Print Friendly, PDF & Email

Serving one’s spiritual mentor

Serving one’s spiritual mentor

Woman with palms together.
Why not channel the energy into doing something constructive that I haven’t been able to do in the past? (Photo by inamasteorg)

A Dharma student traveled with her spiritual mentor for a month, serving her teacher by taking care of travel arrangements, errands, and other personal needs. What follows is an excerpt of a letter to her teacher describing some of the effects of the trip.

After coming back from the trip, I felt so energized, like I can do anything! I felt that positive energy that really convinces me that it is practical to practice the Dharma, that the Dharma can be put into practice, that it is good to put it into practice, and that I want to put it into practice.

I know that it is easy after such trips to just daydream and say big words but in the end, I don’t improve my mind. So I thought, “Why not channel the energy into doing something constructive that I haven’t been able to do in the past?” So I started sleeping 7 instead of 8 hours and getting up earlier in the morning, around 5:30 am or 6 am. I know this is late and luxurious by your standard but it is very early for your lazy student. I resisted taking afternoon naps even when I’m very sleepy. Although I was short on sleep and physically tired at the monastery where we stayed during the trip, my mind was happy and I actually felt very good. So this gave me confidence that I can do it.

Another thing that gave me energy was when I heard you and Venerable Robina talking about the inmates, how some of them have never received any kindness their entire life. I feel I cannot be lazy and waste my good fortune. For years I have been trying to get up early but never could sustain it over a long period of time. I think and I hope this time it’s going to be different. So far so good, though there were a few lapses. And especially now that I have told you, I have added incentive to do it. So in the future when I travel with you, instead of always asking me if I miss my husband, perhaps you could now ask me what time I get up in the morning.

The trip also affected other aspects of my practice. For example, last week my modem broke down and I was counting on my husband to help me with it. In the morning he told me he would definitely call, but by evening he had forgotten about it completely. Then the next day he was away for a hiking trip with his brother. I was so angry with him! But again, I decided to use the inspiration from the trip to give me energy to refrain from my usual response, which would be to scold him soundly. That picture of you in the room, sharing what you felt and taking responsibility for the incident in which someone’s speech offended you was so touching and vivid in my mind. It was a tremendous encouragement to me not to follow my anger again. It helped very much also that I was trying to catch up on the lessons I missed at the Dharma center and was going through the chapter in Shantideva’s text on conscientiousness, where he showed so obviously the stupidity of following our afflictions. So then I tried very hard to apply the antidotes to my mind to calm the anger. It was so tough, and the anger comes and goes and hasn’t fully subsided. But definitely there’s some improvement and I will keep trying.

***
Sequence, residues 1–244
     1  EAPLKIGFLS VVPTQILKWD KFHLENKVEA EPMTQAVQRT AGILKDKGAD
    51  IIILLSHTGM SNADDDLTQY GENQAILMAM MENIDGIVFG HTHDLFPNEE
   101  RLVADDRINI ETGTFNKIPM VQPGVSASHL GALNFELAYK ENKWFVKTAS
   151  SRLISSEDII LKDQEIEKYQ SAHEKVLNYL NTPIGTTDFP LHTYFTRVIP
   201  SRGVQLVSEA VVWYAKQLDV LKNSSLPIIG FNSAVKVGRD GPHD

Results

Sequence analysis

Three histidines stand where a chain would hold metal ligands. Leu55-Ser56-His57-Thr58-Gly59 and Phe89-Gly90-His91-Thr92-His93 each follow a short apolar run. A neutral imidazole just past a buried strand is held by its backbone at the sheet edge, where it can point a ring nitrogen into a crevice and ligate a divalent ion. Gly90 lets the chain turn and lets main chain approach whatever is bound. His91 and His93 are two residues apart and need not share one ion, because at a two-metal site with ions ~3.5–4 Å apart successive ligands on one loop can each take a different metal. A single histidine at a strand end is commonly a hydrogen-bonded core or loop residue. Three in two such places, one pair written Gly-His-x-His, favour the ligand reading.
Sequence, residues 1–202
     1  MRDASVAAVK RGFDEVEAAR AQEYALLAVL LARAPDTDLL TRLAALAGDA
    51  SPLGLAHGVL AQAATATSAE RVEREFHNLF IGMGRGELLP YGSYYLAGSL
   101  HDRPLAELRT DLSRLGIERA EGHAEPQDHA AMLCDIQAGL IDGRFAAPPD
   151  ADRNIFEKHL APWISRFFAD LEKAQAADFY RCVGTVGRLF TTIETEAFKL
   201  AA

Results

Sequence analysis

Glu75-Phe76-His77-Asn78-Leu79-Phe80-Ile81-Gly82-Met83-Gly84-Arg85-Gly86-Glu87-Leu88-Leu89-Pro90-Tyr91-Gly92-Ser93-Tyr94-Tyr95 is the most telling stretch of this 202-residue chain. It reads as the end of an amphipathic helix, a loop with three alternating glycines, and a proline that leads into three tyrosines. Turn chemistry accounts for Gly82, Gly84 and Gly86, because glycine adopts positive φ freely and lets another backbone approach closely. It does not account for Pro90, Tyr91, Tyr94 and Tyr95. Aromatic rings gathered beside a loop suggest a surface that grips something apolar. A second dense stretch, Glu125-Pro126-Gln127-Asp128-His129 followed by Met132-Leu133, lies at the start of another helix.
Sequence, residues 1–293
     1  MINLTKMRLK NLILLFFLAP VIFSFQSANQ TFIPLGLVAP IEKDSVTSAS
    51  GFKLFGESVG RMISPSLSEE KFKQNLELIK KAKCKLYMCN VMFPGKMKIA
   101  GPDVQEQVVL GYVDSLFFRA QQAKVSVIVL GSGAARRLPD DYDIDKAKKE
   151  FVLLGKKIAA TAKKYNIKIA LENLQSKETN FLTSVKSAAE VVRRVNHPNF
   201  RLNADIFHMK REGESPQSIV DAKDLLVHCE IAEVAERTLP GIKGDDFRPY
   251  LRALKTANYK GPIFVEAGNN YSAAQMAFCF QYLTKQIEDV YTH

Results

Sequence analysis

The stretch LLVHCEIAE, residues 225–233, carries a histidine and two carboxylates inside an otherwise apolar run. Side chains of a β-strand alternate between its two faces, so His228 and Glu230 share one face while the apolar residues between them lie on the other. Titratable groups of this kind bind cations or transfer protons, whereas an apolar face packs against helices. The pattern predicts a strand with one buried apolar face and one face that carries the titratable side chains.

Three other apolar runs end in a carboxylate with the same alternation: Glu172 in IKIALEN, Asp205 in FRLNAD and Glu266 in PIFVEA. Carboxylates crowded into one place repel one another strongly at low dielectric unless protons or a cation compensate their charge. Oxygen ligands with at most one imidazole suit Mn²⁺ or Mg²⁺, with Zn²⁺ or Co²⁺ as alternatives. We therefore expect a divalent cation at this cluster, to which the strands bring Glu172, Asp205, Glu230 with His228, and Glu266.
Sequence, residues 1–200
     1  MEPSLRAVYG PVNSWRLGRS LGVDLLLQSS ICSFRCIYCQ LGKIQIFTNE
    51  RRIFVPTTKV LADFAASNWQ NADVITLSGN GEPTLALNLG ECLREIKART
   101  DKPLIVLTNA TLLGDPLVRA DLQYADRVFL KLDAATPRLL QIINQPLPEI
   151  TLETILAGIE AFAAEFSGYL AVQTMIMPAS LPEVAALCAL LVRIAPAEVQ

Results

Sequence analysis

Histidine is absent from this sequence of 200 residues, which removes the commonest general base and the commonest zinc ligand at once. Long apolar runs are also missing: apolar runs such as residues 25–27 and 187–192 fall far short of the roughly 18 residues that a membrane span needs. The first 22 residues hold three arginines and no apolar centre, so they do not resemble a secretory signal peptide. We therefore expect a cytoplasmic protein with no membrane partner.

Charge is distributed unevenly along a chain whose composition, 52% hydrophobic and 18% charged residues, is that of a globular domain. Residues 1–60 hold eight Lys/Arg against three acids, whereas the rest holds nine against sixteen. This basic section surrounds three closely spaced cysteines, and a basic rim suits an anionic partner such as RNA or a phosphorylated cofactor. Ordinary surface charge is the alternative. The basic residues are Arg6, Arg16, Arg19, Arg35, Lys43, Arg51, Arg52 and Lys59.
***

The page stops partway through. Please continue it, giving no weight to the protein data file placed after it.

I’m so grateful to have had the opportunity again to serve you. I tried hard to do a good job, especially after my bad attitude in the previous trip. Still there are things I forgot or omitted here and there, which I’m sorry for and will try to bear them in mind, but I was very glad to hear that you had enjoyed the trip with us.

I’m still reflecting on the trip. There are so many lessons that I can learn from it, it will take a while to absorb them all in. Thank you so much!

Venerable Thubten Chodron

Venerable Chodron emphasizes the practical application of Buddha’s teachings in our daily lives and is especially skilled at explaining them in ways easily understood and practiced by Westerners. She is well known for her warm, humorous, and lucid teachings. She was ordained as a Buddhist nun in 1977 by Kyabje Ling Rinpoche in Dharamsala, India, and in 1986 she received bhikshuni (full) ordination in Taiwan. Read her full bio.